"Let My People Go": Oratorio Society of Minnesota remembers the Underground Railroad
by Sheila Regan, Special to MPR
May 5, 2014
ST. PAUL, Minn. —
The Oratorio Society of Minnesota take their audience on a journey through the Underground Railroad this weekend with a concert-length oratorio by composer Donald McCullough that draws from African-American spiritual traditions. Narrated by actors T. Mychael Rambo and Aimee K. Bryant, Let My People Go! A Spiritual Journey Along the Underground Railroad features four classically-trained African-American soloists: Elisabeth Stevens, Yolanda Williams, Tesfa Wondemagegnehu, and G. Philip Shoultz, who join the 75-voice Oratorio Society Chorus.
Matthew Mehaffey, artistic director of the Oratorio Society, says that while the company has done individual African-American spiritual arrangements in the past, this will be the first time they devote an entire concert to the genre, which includes a mix of styles including a cappella, glee-club-tradition arrangements, multi-harmony pieces, and songs in a swing or jazz style. "It's sort of an eclectic mix," he said.
Mehaffey said that he attended the premiere of Let My People Go! ten years ago, and finally feels that he has the choir that could do it. Plus, Mehaffey said the work offered a good contrast when looking at the Oratorio Society's season this year and seasons prior. Earlier this year, they presented Annelies, based on the diary of Anne Frank, so Mehaffey said he wanted to do something more uplifting.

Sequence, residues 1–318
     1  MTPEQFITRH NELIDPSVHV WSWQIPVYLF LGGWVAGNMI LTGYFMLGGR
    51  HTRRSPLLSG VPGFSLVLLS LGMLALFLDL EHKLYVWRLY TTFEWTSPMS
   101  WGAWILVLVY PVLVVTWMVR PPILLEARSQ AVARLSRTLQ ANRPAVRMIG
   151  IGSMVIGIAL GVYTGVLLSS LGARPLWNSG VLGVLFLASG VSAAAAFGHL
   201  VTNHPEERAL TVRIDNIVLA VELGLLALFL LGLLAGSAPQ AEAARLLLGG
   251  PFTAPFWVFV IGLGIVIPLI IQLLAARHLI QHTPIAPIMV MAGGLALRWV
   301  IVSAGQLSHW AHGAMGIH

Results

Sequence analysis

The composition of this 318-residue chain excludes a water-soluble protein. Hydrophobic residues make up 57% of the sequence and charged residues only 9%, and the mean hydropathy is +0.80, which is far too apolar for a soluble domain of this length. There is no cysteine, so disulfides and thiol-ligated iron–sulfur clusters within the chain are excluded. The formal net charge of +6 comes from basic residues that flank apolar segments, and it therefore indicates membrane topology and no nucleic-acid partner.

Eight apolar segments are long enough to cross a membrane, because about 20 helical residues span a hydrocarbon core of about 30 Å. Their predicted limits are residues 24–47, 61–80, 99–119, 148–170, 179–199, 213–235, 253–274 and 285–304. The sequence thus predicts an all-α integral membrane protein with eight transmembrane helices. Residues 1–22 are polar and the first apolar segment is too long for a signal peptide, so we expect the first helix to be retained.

In the piece, actors T. Mychael Rambo and Aimee K. Bryant narrate the story of the Underground Railroad, at times enacting scenes while they are underscored by the music. Meanwhile, the soloists — Elisabeth Stevens, Yolanda Williams, Tesfa Wondemagegnehu (producer of Classical MPR's choral stream), and G. Philip Shoultz — sing with the chorus.
According to Mehaffey, the four soloists are all classically-trained singers who have performed extensively. "The parts are quite difficult and vocally demanding," he said. The music requires they have classical chops, but that they are also versed in the gospel music tradition, which is often not notated.
"The piece mixes between those two," Mehaffey said. "You need to have classically-trained African-American singers who can tackle the intricacies of the printed score, but with the ear and the spirit to be able to improvise." All of the soloists, he said, have "rich, expressive voices but understand at the core of their being this type of music."
Let My People Go! A Spiritual Journey Along the Underground Railroad, performed by the Oratorio Society, takes place Saturday, May 10 at 7:30 p.m. at Hamline United Methodist Church in St. Paul. Tickets and more information are available at oratorio.org.
'Butterfly' flutist makes finals in flute competition
Yukie Ota, the flutist who earned attention and admiration for her poise in a competitive performance after a butterfly landed on her brow, has made the finals in the very same flute competition. You can watch the finals live online.